The National Association of Automotive Manufacturers of South Africa (Naamsa) wants the quickest possible resolution to the looming wage negotiations between vehicle manufacturers and the National Union of Metalworkers of South Africa (Numsa), says Naamsa executive director and CEO Mike Mabasa.
He says a strike in the automotive sector will put “significant pressure” on the industry in the current challenging economic environment.
“Our biggest ask is for the original vehicle manufacturers (OEMs, or vehicle manufacturers) and unions to find each other as quickly as possible.”
New-vehicle sales for the first five months of the year are down 4.1% in the domestic market compared with the same period last year.
The automotive sector and Numsa in 2016 signed a three-year wage agreement, for a 10% increase in the first year and 8% in the consecutive years.
This agreement comes to an end on June 30.
Wage negotiations between Numsa and the vehicle manufacturing sector are normally followed by negotiations in the component manufacturing and retail sector, as well as the tyre manufacturing industry, sometimes leading to protracted strikes affecting vehicle output in South Africa.
Negotiations in 2016 were completed without strike action. However, 2013 saw a three-week strike in the vehicle manufacturing industry and a four-week strike in the component sector.
Numsa’s leadership has already met with the top brass of the seven vehicle manufacturers in South Africa, in an effort to draft the bargaining process agreement (BPA), which will guide the negotiation process.
The seven vehicle manufacturers are Isuzu, BMW, Ford, Toyota, Mercedes-Benz, Nissan and Volkswagen, employing around 29 000 people.
According to Numsa this meeting failed to deliver the desired results, with the union on Thursday firing the first salvo in what may prove to be a tough round of negotiations.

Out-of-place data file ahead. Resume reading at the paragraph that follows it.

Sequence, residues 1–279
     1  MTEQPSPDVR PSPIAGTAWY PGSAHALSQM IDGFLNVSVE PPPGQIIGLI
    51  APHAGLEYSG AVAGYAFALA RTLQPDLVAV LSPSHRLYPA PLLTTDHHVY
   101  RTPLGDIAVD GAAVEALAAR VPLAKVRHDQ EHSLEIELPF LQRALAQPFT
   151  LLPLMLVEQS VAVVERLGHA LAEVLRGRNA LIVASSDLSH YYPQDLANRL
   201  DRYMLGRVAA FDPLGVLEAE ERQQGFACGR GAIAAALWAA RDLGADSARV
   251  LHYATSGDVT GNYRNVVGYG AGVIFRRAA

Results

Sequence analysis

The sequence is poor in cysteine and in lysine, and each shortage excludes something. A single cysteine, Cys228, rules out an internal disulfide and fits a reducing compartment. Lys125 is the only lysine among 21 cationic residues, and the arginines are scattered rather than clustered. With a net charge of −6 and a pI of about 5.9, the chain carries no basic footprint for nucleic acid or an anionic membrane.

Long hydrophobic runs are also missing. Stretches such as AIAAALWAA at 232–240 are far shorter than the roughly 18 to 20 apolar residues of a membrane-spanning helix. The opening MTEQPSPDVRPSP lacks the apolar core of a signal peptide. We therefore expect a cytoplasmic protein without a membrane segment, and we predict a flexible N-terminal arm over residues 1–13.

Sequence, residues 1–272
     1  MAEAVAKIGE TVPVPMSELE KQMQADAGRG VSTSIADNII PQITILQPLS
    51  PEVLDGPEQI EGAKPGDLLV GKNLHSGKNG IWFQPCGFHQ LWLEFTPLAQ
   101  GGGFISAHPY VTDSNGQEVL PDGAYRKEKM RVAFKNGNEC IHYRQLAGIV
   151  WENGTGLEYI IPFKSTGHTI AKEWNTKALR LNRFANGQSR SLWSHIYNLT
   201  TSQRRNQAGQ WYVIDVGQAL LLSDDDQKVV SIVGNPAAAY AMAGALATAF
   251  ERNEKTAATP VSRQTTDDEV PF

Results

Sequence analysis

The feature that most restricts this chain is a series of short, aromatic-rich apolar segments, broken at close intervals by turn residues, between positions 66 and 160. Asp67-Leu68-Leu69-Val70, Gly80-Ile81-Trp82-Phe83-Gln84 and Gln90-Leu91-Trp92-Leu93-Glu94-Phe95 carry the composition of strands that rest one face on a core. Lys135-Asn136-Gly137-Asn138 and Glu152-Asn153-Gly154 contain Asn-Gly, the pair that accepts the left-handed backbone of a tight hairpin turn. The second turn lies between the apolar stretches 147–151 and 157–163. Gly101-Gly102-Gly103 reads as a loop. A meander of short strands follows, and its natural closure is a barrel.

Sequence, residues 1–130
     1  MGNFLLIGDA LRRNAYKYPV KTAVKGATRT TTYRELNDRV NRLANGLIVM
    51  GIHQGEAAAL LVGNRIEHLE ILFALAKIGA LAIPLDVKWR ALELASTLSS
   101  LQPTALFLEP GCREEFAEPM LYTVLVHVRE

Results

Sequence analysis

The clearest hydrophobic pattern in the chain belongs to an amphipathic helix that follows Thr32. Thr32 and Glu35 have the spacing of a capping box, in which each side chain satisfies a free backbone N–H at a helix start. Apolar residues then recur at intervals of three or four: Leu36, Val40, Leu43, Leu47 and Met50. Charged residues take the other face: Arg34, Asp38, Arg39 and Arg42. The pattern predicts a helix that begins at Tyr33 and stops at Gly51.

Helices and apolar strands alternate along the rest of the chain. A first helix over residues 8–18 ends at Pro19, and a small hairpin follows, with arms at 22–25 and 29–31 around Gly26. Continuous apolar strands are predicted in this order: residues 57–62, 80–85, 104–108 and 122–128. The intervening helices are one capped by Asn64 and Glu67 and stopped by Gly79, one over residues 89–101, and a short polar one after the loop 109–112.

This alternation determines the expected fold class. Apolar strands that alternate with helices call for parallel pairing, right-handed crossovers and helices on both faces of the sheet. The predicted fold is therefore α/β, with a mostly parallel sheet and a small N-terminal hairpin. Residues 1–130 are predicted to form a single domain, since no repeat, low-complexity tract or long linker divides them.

Numsa said in a statement that it wanted to confirm the issue of back pay with OEMs, “in case wage talks went beyond the allocated time”.
The OEMs, however, said Numsa must place the issue of back pay on the table as a demand, instead of it being a principle of the BPA.
Two OEM CEOs have indicated to Engineering News Online that they expect a strike in the vehicle manufacturing sector this year, and that they are currently building up stock in anticipation of labour action.
An industry analyst suggests that Numsa may use this year’s negotiations to bolster its reputation, impacted by the May 8 national elections, when its Socialist Revolutionary Workers Party (SRWP) could only garner around 24 000 votes, which does not equate to a seat in Parliament.
Numsa has more than 350 000 members, which means Numsa members did not support the SWRP at the polls.
Numsa formed the SRWP to contest the elections, with general-secretary Irvin Jim appointed as party chairperson.
* The Association of Mineworkers and Construction Union (AMCU) has applied for recognition in the automotive industry.
** This year will see the introduction of the private polling of union members prior to triggering a strike, or when considering a wage offer.